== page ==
Britain’s spymasters are facing an unprecedented televised grilling at the hands of MPs.
For the first time the heads of the Secret Intelligence Service, MI6, the Security Service, MI5, and the electronic eavesdropping agency, GCHQ, will today line up together to give evidence in public to the parliamentary Intelligence and Security Committee (ISC).
Sir John Sawers, the chief of MI6, Andrew Parker, the director general of MI5, and Sir Iain Lobban, the director of GCHQ, will take a rare step out of the shadows to answer questions about the work of their organisations.
Their appearance at Westminster comes amid intense debate over the role of the agencies following the disclosures by the former US intelligence operative, Edward Snowden, of the surveillance activities of GCHQ and its American counterpart, the National Security Agency (NSA).
Documents leaked by Mr Snowden - who is currently in Moscow where he has sought sanctuary from the US authorities - have shown the agencies are able to tap into the internet communications of millions of ordinary citizens through GCHQ's Tempora programme while the NSA has bugged the phone calls of dozens of world leaders.
While the disclosures have alarmed civil liberties activists and created tensions with allies, Government ministers and officials have warned that by exposing the agencies’ methods, they were jeopardising security. Mr Parker has described them as a “gift” to terrorists.
In the latest case, the British ambassador in Berlin was this week called in to the German foreign ministry to explain reports that GCHQ was operating a secret listening post on the roof of the embassy within a stone’s throw of chancellor Angela Merkel’s offices and the German parliament.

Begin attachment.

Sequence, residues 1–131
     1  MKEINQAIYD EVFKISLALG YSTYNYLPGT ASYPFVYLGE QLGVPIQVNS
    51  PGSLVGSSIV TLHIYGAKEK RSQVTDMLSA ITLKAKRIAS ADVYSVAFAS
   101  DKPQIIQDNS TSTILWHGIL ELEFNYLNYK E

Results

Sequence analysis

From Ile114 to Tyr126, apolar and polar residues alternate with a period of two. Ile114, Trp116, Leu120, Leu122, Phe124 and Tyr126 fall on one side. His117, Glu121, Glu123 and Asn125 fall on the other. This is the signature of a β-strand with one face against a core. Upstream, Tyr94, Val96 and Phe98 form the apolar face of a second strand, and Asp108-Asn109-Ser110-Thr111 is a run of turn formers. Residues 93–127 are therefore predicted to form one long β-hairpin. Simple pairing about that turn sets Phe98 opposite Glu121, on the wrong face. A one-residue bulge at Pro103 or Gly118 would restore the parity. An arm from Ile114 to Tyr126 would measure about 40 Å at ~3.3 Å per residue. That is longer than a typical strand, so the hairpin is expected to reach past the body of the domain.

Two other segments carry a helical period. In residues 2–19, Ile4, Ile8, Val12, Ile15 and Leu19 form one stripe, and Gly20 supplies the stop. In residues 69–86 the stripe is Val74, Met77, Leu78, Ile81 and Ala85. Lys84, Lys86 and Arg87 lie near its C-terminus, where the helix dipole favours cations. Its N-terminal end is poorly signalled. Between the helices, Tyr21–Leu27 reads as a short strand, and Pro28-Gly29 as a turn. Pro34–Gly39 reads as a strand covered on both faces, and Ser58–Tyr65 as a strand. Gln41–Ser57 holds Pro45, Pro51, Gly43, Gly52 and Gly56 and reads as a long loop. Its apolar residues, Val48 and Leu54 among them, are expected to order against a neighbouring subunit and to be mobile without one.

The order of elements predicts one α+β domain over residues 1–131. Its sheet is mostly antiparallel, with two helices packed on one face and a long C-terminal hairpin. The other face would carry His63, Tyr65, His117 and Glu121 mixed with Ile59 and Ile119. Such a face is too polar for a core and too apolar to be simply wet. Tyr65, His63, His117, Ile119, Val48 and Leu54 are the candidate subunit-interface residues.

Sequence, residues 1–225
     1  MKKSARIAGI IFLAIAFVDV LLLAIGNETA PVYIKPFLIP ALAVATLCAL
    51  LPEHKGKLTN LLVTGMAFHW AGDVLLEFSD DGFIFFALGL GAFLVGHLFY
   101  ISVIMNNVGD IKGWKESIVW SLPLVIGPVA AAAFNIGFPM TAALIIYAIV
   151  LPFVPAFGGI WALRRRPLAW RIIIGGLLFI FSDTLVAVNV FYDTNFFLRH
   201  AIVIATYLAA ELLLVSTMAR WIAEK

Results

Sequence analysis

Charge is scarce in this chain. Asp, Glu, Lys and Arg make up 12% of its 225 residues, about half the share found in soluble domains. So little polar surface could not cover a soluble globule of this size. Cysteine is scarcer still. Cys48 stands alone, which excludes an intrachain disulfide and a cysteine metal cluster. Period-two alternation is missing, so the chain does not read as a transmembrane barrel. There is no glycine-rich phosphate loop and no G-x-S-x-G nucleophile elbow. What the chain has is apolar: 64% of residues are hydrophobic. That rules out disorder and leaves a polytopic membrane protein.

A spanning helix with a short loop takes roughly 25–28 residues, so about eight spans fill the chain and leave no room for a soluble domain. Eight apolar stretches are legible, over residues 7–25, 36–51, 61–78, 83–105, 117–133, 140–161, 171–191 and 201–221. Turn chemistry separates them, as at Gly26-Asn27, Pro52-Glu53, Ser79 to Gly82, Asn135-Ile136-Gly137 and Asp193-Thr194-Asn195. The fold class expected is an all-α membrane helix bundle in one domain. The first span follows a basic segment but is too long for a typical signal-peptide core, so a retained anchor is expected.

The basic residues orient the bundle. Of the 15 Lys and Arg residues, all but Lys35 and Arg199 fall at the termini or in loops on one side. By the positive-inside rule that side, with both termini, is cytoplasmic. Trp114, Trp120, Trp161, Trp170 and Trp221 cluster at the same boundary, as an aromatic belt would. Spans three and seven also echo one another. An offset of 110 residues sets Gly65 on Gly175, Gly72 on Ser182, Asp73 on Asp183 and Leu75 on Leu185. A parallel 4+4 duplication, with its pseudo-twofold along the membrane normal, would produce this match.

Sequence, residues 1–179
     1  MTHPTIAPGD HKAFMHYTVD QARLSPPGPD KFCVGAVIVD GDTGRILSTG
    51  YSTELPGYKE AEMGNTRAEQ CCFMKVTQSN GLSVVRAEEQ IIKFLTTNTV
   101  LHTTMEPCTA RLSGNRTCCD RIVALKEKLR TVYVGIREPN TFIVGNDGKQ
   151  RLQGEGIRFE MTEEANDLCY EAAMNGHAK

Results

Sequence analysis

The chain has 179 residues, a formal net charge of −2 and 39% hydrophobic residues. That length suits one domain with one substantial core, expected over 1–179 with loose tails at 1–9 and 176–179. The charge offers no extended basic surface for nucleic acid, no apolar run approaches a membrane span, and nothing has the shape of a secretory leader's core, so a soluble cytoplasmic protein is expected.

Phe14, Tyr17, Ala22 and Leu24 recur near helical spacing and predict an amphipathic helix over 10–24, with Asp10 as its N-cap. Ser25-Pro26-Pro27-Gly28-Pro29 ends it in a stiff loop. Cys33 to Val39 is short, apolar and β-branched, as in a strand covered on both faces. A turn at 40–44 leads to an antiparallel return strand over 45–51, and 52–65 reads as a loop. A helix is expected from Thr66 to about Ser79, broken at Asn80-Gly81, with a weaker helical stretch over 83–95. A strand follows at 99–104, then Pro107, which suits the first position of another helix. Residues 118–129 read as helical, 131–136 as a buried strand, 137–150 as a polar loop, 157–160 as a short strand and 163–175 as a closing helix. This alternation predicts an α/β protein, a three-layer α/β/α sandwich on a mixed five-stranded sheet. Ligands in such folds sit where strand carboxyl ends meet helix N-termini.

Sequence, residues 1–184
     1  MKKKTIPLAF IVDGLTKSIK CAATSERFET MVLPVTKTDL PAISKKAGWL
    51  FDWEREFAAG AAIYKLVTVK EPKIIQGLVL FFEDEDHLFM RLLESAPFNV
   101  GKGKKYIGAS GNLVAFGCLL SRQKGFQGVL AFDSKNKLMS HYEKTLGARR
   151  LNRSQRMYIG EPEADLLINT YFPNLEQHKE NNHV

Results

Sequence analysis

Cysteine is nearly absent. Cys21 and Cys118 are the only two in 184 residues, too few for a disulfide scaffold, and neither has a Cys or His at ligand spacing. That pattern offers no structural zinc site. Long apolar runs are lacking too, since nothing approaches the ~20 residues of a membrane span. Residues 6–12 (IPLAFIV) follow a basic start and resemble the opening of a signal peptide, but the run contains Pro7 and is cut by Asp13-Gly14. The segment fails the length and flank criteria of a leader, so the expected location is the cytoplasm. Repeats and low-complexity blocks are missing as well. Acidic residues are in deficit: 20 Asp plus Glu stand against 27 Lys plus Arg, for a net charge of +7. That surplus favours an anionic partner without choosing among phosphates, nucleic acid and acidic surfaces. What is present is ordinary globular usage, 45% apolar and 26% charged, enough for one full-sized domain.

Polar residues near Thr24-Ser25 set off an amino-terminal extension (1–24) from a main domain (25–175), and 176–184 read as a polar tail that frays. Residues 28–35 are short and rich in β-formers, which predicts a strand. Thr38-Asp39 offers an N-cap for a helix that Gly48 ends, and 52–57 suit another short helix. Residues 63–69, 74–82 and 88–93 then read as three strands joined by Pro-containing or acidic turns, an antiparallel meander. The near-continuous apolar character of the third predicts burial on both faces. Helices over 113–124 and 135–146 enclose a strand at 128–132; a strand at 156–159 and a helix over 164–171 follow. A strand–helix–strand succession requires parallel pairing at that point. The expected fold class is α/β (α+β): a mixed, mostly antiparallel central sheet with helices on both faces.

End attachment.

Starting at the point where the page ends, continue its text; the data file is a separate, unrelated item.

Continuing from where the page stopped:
Mrs Merkel had previously confronted US president Barack Obama over allegations that the NSA bugged her mobile phone.
The ISC - chaired by former foreign secretary Sir Malcolm Rifkind - has already carried out a limited investigation into claims that GCHQ used the NSA's vast Prism programme, which gathers information from the internet companies, to circumvent UK laws.
Although committee cleared the agency of any wrongdoing in the 197 specific intelligence reports it looked at, it is now undertaking a wider inquiry into whether the laws governing surveillance are adequate for the internet age.
The committee’s questions will not be confined to communications surveillance, with the continuing terrorist threat to the UK also likely to be high on the agenda.
A statement on the ISC website makes clear however that they will not be looking at ongoing operations or cases which are currently the subject of legal proceedings.
“The committee will question the agency heads on the work of the agencies, their current priorities and the threats to the UK,” it said.
“Among other things it will cover the terrorist threat, regional instability and weapons proliferation, cyber security and espionage. However, since this is a public session, it will not cover details of intelligence capabilities or techniques, ongoing operations or sub judice matters.”
The hearing will be as much a test of the nine senior MPs and peers who make up the committee — which has always in the past taken evidence in private — as it will be for the agency heads.
Despite being handed additional powers and a wider remit as a result of the Justice and Security Act 2013, critics say the committee is still unable to provide effective oversight of the agencies.